A clinician’s guide to oral extended-release drug delivery systems in epilepsy

Research output: Contribution to journalReview article

Abstract

Epilepsy is one of the most common chronic neurologic disorders that affects individuals of all ages. It is primarily managed with antiepileptic drugs (AEDs), with the goal of maintaining complete seizure control combined with minimal or no adverse effects. Oral administration is the mainstay of AED delivery for patients with chronic epilepsy and consists essentially of immediate-release (IR) and modified-release (delayed-release and extended-release [ER]) dosage formulations. Extended-release formulations (hydrophilic or hydrophobic matrix systems, reservoir systems, and osmotic-release systems) release a drug in a controlled manner during an extended period of time following administration. Extended-release formulations have many advantages compared with IR formulations, including simplification of dosing regimens, reduction in pill burden, and reduction in the peak-to-trough fluctuations in serum drug concentration that may be associated with a decreased risk of adverse effects and of seizures. These advantages have the potential to increase adherence to antiepileptic therapy, improve the quality of life of patients, and reduce health care costs. This article, which is intended as a practical guide for clinicians, reviews the properties of the different ER AED formulations currently available and discusses the advantages of ER over IR formulations. Subsequently, an explanation of the technologic basis of the different oral ER formulations, the critical attributes that differentiate ER products, and their individual strengths and weaknesses is provided. Specific recommendations to practitioners on treating patients with ER formulations are included.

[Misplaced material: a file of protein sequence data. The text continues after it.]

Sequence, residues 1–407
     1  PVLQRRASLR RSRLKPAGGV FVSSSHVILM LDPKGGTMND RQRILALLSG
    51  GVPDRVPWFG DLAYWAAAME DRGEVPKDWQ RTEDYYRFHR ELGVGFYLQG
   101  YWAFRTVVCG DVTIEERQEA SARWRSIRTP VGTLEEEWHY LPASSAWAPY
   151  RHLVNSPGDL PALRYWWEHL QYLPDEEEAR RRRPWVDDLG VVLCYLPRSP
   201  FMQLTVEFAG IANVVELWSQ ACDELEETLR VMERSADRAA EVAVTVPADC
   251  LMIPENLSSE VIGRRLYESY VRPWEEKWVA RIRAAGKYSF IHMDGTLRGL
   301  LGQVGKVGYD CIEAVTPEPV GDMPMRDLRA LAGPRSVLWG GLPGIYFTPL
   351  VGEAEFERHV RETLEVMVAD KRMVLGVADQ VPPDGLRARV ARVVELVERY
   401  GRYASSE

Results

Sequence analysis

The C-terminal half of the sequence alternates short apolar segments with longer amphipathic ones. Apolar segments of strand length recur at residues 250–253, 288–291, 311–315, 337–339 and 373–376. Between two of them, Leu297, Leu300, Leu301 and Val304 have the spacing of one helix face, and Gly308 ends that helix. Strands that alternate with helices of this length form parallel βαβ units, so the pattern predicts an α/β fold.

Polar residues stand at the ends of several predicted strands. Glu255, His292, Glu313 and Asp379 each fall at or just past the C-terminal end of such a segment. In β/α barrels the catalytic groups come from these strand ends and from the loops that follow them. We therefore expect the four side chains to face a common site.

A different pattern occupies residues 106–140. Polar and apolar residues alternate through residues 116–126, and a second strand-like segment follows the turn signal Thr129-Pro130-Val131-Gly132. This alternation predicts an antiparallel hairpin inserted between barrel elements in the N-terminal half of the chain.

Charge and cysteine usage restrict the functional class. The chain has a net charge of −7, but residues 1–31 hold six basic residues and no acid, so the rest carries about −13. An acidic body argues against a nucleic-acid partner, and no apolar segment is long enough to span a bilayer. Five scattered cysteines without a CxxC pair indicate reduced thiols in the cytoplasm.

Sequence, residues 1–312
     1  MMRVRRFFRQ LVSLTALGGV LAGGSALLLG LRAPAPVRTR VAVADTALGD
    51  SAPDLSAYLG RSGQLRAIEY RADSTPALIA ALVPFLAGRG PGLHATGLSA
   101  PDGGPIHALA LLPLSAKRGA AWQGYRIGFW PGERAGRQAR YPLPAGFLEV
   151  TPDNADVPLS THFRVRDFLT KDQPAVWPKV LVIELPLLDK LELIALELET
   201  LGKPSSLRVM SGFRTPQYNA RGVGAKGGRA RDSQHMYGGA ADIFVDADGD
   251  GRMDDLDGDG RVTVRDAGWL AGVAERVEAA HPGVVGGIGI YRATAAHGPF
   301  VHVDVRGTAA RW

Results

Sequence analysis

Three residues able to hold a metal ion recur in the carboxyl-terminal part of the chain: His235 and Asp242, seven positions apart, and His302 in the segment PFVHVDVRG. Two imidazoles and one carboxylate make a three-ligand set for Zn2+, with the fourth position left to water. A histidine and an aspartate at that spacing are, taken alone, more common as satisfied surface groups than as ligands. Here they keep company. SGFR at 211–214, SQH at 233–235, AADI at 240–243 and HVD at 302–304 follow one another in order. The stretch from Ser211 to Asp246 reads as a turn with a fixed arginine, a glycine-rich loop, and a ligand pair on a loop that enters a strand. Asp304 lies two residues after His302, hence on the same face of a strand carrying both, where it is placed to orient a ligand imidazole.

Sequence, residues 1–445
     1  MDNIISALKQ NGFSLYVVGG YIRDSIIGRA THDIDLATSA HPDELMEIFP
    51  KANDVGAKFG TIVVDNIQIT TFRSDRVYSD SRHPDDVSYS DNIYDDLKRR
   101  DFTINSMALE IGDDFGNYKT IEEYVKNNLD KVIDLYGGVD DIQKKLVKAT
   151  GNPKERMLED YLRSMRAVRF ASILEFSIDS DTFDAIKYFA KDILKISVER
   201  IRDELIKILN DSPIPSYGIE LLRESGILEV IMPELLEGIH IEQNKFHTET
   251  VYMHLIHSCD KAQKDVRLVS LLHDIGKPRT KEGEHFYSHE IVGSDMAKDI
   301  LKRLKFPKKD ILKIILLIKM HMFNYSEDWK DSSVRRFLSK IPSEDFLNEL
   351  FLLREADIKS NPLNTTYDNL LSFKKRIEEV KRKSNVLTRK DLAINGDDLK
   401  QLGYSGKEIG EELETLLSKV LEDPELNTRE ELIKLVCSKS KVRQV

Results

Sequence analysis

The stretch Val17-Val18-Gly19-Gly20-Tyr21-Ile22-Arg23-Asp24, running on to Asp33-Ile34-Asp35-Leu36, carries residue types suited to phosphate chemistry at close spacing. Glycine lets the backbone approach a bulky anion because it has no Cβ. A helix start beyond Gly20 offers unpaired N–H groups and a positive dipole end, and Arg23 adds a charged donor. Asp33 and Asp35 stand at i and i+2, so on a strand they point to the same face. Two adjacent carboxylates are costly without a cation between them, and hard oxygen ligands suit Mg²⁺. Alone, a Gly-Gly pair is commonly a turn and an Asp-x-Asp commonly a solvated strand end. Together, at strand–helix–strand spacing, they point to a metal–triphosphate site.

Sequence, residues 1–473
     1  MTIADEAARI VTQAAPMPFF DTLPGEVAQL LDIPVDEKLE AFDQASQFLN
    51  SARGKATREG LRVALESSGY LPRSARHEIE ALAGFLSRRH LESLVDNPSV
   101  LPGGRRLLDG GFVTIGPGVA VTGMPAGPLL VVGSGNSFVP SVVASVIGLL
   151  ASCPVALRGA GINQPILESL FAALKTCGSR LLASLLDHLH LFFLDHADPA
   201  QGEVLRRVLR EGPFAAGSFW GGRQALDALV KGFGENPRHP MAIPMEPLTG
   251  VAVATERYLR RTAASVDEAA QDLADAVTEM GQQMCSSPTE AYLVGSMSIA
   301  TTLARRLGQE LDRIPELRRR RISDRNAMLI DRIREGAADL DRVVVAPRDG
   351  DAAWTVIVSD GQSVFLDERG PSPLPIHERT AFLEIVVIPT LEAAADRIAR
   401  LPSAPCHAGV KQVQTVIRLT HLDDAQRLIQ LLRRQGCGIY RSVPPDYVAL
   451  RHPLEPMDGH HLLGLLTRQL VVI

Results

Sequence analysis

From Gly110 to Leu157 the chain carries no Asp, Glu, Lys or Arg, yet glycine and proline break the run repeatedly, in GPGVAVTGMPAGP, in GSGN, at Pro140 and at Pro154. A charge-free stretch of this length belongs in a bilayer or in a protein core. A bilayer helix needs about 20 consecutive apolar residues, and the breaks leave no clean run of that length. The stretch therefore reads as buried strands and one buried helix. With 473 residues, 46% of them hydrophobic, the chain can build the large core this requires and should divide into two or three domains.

LanguageEnglish (US)
Pages277-292
Number of pages16
JournalJournal of Pediatric Pharmacology and Therapeutics
Volume23
Issue number4
DOIs
StatePublished - Jul 1 2018

Fingerprint

Drug Delivery Systems
Anticonvulsants
Epilepsy
Seizures
Drug Compounding
Nervous System Diseases
Health Care Costs
Oral Administration